When Scout broke the news that Cafe Medina would be moving this summer, we asked our readership to vote on where they’d like to see the new location of the popular Beatty St. brunch spot. Well over 1,000 of you responded, with Mount Pleasant and the DTES (specifically Gastown, Strathcona, or Chinatown) being your favoured destinations. Alas, owner Robbie Kane is staying close to home, opting for the short-lived Tappo Restobar spot (formerly Q4 al Centro) at 780 Richards Street.
It’s a wise choice, and even though the move takes Medina a few blocks further away from me, I’m thrilled at the prospect. The change will not only increase Medina’s seating capacity to 75 people (up from 65), but it will also allow for a proper bar. And since bars are generally evening fixtures, we can expect the restaurant to eventually expand its operations and start serving dinner, perhaps as soon as this Autumn — and there was much rejoicing.
Further cause for high fives is the assurance from Kane that “all the favourites” will remain on the menu. To me (and Kane confirms this), that means things like the amazing tagine, the fluffy Liege waffles, and the dreamy short rib friccasse with applewood smoked cheddar and arugula. With the move, however, will come significant menu changes. And it’s ok to be anxious about that. If you love Medina as much as I do, you might even be terrified. My initial fears, however, have since been calmed.
Those who enjoyed the Mother’s Day brunch at Medina may have spied Bittered Sling co-founder/chef Jonathan Chovancek observing operations. That’s because he’s been freshly brought aboard to steer the new Medina’s culinary ship forward. An admitted fan of the restaurant since its launch, Chovancek is very familiar with the existing menu, and is already at work experimenting with new items. “My goal is to slowly incorporate new dishes that will become classics, new favourites,” he says, adding that he’s keen to honour Medina’s legacy.
Chovancek may have top drawer farm-to-table sensibilities and great relationships with local farmers and producers (one of the best pieces of salmon I’ve ever eaten was prepared by him several years ago out at UBC Farm), but the thing that quiets the anxieties I have about the changes to come is his demonstrated adaptability. By his own account, he’s an “interpretive chef” — he’s not one to be pigeon-holed as a proponent or purveyor of one particular cuisine. And I trust that the pan-Mediterranean/Levantine milieu of Medina won’t prove too difficult for him to unpack, iron out, and wear as if it were tailored to fit.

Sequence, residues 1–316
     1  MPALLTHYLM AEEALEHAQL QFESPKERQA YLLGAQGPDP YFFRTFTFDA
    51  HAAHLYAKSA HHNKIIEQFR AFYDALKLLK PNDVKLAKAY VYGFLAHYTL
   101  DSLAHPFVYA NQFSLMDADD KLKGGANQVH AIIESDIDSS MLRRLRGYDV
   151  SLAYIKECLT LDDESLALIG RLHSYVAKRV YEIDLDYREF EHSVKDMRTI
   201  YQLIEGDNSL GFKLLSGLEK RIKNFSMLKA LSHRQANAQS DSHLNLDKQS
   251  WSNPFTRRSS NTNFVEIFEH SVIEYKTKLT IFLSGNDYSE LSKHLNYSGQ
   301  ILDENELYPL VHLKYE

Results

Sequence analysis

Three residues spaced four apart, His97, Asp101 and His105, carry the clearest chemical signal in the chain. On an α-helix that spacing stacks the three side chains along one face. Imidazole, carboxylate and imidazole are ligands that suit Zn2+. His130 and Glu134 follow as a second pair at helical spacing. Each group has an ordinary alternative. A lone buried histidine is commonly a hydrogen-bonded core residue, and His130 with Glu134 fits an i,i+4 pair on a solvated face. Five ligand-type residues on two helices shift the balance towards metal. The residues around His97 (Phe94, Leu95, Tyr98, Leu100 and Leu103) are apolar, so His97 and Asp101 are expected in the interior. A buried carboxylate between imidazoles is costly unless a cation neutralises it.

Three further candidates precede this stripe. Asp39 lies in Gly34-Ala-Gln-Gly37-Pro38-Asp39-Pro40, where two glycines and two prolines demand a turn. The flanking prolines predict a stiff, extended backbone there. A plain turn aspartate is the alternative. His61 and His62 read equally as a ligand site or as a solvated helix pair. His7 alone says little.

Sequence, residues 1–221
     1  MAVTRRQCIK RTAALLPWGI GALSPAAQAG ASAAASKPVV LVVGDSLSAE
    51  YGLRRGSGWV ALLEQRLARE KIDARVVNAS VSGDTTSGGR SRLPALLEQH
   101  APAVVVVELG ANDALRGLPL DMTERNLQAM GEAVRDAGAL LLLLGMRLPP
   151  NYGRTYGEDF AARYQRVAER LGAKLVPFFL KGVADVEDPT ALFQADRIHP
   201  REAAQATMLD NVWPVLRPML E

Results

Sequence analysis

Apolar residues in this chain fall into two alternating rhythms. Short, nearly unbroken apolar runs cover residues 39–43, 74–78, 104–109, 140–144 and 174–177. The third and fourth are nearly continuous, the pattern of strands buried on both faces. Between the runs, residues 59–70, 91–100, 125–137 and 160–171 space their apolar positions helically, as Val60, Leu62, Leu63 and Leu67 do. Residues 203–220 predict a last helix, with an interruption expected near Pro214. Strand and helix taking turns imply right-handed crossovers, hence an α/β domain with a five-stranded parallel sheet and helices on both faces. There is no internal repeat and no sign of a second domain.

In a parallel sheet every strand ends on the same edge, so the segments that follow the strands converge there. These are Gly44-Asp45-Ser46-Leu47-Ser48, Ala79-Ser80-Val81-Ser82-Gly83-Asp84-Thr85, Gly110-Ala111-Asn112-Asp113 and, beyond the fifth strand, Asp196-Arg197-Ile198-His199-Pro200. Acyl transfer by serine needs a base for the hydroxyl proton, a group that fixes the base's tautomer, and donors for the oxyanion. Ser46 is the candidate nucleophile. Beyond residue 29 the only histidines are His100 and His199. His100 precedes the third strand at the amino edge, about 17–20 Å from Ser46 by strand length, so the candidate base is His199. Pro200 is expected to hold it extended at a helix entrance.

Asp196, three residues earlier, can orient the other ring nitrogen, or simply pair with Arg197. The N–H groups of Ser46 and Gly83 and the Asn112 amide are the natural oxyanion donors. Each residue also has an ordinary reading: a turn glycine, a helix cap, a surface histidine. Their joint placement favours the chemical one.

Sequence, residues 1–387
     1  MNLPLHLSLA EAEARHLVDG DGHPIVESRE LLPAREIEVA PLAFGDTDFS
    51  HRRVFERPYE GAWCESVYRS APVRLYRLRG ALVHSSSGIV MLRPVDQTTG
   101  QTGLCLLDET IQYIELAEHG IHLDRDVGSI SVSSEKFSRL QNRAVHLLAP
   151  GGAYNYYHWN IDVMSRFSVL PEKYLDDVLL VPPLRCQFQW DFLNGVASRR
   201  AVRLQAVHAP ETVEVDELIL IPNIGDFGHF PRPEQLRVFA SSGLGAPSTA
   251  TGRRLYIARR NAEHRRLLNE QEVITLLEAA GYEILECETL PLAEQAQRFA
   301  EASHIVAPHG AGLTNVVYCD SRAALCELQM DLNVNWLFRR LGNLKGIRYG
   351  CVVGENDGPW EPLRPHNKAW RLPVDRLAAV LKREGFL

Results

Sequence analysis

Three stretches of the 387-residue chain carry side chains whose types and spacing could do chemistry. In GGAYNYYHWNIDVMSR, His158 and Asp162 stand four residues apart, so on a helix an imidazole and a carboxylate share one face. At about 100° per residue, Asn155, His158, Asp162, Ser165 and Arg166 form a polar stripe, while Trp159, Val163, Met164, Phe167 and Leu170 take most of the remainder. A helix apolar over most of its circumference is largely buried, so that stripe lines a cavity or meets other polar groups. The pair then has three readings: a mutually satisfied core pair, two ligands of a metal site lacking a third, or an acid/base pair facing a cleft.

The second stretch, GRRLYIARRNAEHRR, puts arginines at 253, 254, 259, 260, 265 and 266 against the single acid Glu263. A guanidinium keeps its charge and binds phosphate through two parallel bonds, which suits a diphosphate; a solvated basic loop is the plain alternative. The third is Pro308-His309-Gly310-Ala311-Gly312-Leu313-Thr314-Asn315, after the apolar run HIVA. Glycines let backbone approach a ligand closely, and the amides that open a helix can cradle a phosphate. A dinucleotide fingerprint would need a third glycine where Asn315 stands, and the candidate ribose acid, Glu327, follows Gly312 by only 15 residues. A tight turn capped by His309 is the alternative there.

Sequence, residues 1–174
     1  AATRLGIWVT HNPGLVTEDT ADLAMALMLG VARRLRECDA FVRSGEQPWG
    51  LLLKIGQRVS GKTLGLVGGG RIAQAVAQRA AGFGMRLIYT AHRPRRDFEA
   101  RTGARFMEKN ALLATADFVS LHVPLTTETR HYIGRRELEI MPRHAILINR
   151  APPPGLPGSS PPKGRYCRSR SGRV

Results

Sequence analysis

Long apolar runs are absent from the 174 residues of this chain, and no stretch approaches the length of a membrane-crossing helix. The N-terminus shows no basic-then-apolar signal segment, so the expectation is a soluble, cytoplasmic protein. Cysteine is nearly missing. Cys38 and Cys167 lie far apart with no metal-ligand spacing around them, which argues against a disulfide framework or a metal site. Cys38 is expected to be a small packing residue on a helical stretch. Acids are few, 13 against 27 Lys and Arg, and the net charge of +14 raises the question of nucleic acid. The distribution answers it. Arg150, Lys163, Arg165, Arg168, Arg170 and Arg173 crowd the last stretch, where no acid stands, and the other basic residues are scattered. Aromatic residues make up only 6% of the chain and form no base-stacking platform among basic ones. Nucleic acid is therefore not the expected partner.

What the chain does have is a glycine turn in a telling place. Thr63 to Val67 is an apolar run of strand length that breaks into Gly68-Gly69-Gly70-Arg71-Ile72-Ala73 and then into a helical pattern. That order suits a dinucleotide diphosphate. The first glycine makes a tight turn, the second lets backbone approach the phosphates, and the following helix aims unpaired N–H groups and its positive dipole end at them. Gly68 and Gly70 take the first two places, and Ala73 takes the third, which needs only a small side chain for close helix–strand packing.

His experience inspires further confidence. With skills honed at Vancouver Island’s Aerie Resort and Sooke Harbour House, Ontario’s Eigensinn Farm and Avalon, and here in Vancouver via catering outfits like Culinary Capers and Kale & Nori, it’s not as if Chovancek is unfamiliar with high expectations. And it’ll be great to see him behind a line again. Bittered Sling, the company he launched with partner Lauren Mote, is now largely a retail operation that runs itself, so it’s not hard to measure his motivation. “I need to be cooking again,” he says with smile. Too right.
As for the space, don’t read anything into the photos you see above. It’s got high ceilings, windows, an open kitchen, and a bar. Beyond that, there will be next to nothing left of Tappo Restobar when they’re finished with it. Not even the floor is staying. Brian Kane – Robbie’s big brother and a production designer in the film trade for 30 years – is doing a complete overhaul, and I’m very excited to see what he comes up with.
The new Medina is on track to open in August, not long after the original location closes it doors.